ENERGY STAR – Current Activities • Management Plan goals call for promotion of ENERGY STAR • Equipment use • Incorporation in HOPE VI
ENERGY STAR – Defining “Cost-Effective” Simple Payback: Savings/Year X Lifetime = Lifetime Savings • If the savings exceed investment in fewer years than the product lifetime, the investment is cost-effective
ENERGY STAR – Defining “Cost-Effective” • ENERGY STAR is usually cost-effective when savings are considered as a whole • Savings to PHA + HUD + Tenant • Increases quality of living and tenant comfort • Reduces energy consumption and air pollution
ENERGY STAR – Defining “Cost-Effective” Cost-effectiveness for PIH is not straightforward • PHAs use Operating Funds to purchase ENERGY STAR appliances and Utility Allowances to pay for energy expenses • Rolling Base • Tenant Paid utilities
ENERGY STAR – Defining “Cost-Effective” • Variables make a simple energy savings calculator impractical • A contractor will run savings calculations • ENERGY STAR vs. code • www.energystar.gov includes savings calculators
ENERGY STAR – Defining “Cost-Effective” • Energy savings of some ENERGY STAR qualified products (boilers, furnaces, heat pumps, ac, and windows) depend on: • climate • insulation levels • infiltration • thermostat set points • efficiency of the heating/cooling/distribution • fuel prices
ENERGY STAR – Defining “Cost-Effective” DOE Weatherization Program • "Cost-effective" weatherization measures are those that yield a savings-to-investment ratio (SIR) greater than or equal to 1 • SIR > 1 means energy cost savings over the lifetime of the measure, discounted to present value, equal to or exceed the cost of materials, installation, and on-site supervisory personnel
ENERGY STAR – Defining “Cost-Effective” • Instruct PHAs to look at savings as a whole? • Remind about incentives, funding options • Add Energy Bill language to the Notice in Purpose section? “…Purchase of ENERGY STAR-labeled products....support the goals of the President’s National Energy Policy and the Energy Policy Act of 2005 by reducing the burden of public housing…” • Update 965?
Building Codes • Model Energy Code 1992 Edition – “1992 MEC” • International Energy Conservation Code • IECC 2003 Edition • IECC 2004 Supplement (to 2003)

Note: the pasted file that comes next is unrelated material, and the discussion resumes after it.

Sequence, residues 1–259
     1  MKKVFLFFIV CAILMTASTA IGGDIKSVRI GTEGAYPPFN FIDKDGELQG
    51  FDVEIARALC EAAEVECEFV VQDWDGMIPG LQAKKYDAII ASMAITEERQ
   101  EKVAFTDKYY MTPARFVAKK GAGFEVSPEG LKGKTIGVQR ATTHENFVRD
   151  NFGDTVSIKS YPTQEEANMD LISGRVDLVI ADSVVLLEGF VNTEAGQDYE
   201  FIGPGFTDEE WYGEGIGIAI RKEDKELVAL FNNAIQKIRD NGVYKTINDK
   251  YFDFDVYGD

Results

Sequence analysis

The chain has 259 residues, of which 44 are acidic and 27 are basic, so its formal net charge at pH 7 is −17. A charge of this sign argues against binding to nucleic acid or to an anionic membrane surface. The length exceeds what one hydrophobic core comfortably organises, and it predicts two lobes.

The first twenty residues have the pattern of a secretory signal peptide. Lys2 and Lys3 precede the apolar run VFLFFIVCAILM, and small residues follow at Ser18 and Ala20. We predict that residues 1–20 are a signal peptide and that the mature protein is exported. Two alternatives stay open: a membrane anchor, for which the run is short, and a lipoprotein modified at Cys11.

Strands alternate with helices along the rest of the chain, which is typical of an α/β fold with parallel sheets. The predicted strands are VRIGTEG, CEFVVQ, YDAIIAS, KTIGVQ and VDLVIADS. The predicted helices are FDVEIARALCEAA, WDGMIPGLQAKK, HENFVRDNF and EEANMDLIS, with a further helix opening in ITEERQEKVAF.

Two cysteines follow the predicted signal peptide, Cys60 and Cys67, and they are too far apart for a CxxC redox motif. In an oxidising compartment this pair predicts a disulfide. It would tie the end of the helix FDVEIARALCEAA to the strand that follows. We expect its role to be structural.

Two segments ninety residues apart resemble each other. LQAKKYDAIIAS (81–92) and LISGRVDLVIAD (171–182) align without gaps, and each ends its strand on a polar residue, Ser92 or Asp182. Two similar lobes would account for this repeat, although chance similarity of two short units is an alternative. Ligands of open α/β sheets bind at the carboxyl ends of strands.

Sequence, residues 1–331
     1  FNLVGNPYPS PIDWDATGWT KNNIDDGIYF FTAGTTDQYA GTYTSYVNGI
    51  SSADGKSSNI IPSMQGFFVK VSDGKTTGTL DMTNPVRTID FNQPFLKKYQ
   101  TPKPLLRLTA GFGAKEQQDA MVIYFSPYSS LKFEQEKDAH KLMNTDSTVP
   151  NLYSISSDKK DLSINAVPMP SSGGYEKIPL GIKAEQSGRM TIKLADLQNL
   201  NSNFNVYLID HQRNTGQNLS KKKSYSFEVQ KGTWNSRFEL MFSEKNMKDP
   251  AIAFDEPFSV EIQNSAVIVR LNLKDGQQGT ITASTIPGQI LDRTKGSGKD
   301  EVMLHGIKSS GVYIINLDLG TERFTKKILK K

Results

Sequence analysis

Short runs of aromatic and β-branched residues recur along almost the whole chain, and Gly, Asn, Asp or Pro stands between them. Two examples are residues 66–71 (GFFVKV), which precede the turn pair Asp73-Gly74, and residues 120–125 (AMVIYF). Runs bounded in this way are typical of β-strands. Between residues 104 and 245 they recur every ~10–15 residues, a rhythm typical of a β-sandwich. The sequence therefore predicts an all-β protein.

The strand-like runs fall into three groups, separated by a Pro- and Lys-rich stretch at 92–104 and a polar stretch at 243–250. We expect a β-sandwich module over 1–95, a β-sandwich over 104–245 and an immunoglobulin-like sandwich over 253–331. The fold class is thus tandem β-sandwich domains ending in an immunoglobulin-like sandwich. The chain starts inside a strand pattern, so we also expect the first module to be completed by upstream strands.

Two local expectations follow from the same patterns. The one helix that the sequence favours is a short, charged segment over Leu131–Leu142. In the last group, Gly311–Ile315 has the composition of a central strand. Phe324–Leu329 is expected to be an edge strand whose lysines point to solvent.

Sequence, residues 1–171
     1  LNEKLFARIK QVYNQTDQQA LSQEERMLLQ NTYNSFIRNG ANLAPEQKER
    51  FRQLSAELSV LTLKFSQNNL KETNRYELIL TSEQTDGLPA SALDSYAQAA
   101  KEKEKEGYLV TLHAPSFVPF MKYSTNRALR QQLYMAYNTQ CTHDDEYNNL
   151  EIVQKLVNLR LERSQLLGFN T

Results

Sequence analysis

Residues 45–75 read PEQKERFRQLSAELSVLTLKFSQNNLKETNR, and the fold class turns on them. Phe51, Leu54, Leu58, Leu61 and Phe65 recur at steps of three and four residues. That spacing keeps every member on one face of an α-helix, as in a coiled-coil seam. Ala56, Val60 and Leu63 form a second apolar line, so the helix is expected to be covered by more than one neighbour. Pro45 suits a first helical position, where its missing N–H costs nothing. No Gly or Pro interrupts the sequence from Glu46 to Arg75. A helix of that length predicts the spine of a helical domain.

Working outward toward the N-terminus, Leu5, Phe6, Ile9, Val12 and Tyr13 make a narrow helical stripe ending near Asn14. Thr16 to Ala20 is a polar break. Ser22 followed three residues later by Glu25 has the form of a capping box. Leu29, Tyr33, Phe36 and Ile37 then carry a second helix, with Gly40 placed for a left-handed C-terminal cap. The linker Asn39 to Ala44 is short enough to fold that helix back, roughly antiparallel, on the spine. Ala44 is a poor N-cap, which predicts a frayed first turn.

Building Codes • Energy codes cover the following: • Building Envelope • Insulation • Windows • Air Leakage • Heating, Ventilation and Air Conditioning (HVAC) • Hot Water • Electrical Power and Lighting
Codes - 1992 MEC • HUD currently requires 1992 MEC • Decent energy efficiency standards • Hard to use • Codes are becoming increasingly less complex • An ENERGY STAR home based on 1992 MEC + 30 percent • Energy Bill requires both 2003 and 2004 IECC
How Do MEC 1992 and IECC 2003 Compare? • Basis for comparing MEC and IECC • Before: ENERGY STAR = 1992 MEC + 30% • New: ENERGY STAR = 2003 IECC + 15 - 20%
How Do IECC 2003 and 2004 Compare? • IECC 2003 and IECC 2004 roughly equivalent with respect to efficiency but have different ways of calculating energy efficiency
How Do IECC 2003 and 2004 Compare? • IECC 2003 • more climate zones • less flexibility on window requirements • IECC 2004 • fewer climate zones, more understandably linked • Keep metropolitan areas together • Better job of integrating cooling considerations • sometimes actually make IECC 2004 buildings slightly less efficient
IECC 2003 – three methods Prescriptive Performance Hybrid (performance w/prescriptive) IECC 2004 - two methods Prescriptive (simplified) Hybrid (performance w/prescriptive) How Do IECC 2003 and 2004 Compare?
Amendments to Cranston-Gonzalez National Affordable Housing Act • Section 153, Energy Efficiency Standards (p.158) • Secretary to establish energy standards for construction of public and assisted housing and single family and multifamily residential housing (other than manufactured homes) subject to mortgages insured under the National Housing Act; • HOPE VI housing shall meet or exceed IECC 2003 • Deadline: September 30, 2006